In my life I have visited a few museums that have documented massacres, wars and genocides: the Holocaust Memorial Museum in DC, the Nanjing Massacre Museum and the Harbin Germ Warfare Camp. While all of these museums profoundly affected me, it is a completely different feeling knowing you are the “bad guy”. I felt shame, not towards individual soldiers who were just following orders, but towards my government the decisions it has made. I felt shame towards myself for not fully understanding the horrible things my country had done to Vietnam until that moment.
While some visitors tend to think the War Remnants Museum is biased, I disagree. Yes, there were atrocities on both sides, but the Vietnam War affected Vietnam much more than America. The war was fought in Vietnam, meaning that America did not face the same amount of destruction, civilian casualties and after-effects. It’s hard for us as Americans to understand what it is like to have a war fought on our own soil, because we haven’t had a major war take place in America since the Civil War. While we lost many of our own young soldiers, family members and friends, America left Vietnam crippled, with completely leveled cities and villages and a countryside full of deadly toxins.
Is the museum biased in that it does not discuss atrocities committed by the Vietnamese towards Americans? Yes. But in my opinion, it was very valuable for me to experience the retelling of the Vietnam War though the Vietnamese Perspective. It was important for me to see this pictures and read these quotes to fully understand the amount of damage my country has done to Vietnam.
Overall, I was very surprised at the amount of kindness, generosity and openness I experienced from Vietnamese people. I would have thought that with the history of French colonization and the war with America, Vietnamese people would be less receptive to western tourists. Viewing the Vietnam War from the Vietnamese experience made me even more thankful to the Vietnamese people for being so kind and accommodating. It’s funny how life works out. When my father was my age, he was doing everything possible to NOT go to Vietnam, and here I am wishing I could go back.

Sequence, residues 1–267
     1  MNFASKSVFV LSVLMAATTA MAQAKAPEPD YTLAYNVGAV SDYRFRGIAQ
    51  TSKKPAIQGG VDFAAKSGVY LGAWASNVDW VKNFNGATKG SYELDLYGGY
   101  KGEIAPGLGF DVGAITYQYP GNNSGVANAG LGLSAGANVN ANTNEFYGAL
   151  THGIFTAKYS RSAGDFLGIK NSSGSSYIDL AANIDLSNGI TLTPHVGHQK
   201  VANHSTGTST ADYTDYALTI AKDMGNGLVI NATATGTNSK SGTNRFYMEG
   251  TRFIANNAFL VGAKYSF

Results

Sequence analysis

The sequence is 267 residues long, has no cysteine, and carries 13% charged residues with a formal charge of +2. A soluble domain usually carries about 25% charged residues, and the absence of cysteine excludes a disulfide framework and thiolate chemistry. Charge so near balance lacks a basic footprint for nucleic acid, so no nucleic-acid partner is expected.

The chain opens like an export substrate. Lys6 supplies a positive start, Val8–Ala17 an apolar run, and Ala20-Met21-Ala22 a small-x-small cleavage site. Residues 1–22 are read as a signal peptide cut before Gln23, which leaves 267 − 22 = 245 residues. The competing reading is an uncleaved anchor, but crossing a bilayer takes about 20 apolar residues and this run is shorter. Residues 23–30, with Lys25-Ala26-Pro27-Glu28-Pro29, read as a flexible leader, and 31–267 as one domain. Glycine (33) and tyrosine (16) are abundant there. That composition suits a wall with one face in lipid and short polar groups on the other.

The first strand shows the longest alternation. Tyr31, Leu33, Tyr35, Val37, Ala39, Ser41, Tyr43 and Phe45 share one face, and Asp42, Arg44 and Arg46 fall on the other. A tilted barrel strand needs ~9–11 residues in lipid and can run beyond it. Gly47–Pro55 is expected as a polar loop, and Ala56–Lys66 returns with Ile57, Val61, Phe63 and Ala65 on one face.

5 comments on “An American in Vietnam: War Remnants Museum”
This piece is well done and touched my heart. Thanks for writing it.
Thank you so much Maurice. I’m so glad you liked it.
My mom works as a psychologist at the VA, and it was very odd for her to hear about one Vietnam in her sessions with vets, and see me partying and riding motorbikes in an entirely different Vietnam in the evening on facebook.
Living in the South I almost never heard about the war, or I would meet a parking attendant who used to be a high ranking doctor working with the Americans who would talk about their experience, but I never felt any resentment or anything towards Americans. However when I went to the North, almost everyone I met would want to assure me repeatedly that they didn’t harbor any bad feelings, but the fact that they felt they had to tell me so much belies the fact that they probably do harbor some resentment. It was an interesting change.
That’s so interesting to hear about your experience. When I was in Hanoi I did a tour with Hanoi Kids which offers free tours of the city from local college kids who want to meet foreigners and practice their English. It may be the fact that these students signed up to meet foreigners, but I didn’t sense anything different in their relations with me. Although, I thought it was very interesting how they talked about Ho Chi Minh like many older Chinese people talk about Mao. They seemed in awe of him, and were very excited to take us to the Presidential Palace and his old home.
Going to Vietnam should spend 2 weeks to a month to discover new enough. Vietnam is very beautiful from North to South. Remember to travel in Hanoi, Sapa, Ha Long, Da Nang, Hue, Hoi An, Nha Trang, Da Lat, Vung Tau, Saigon, Phu Quoc and Can Tho.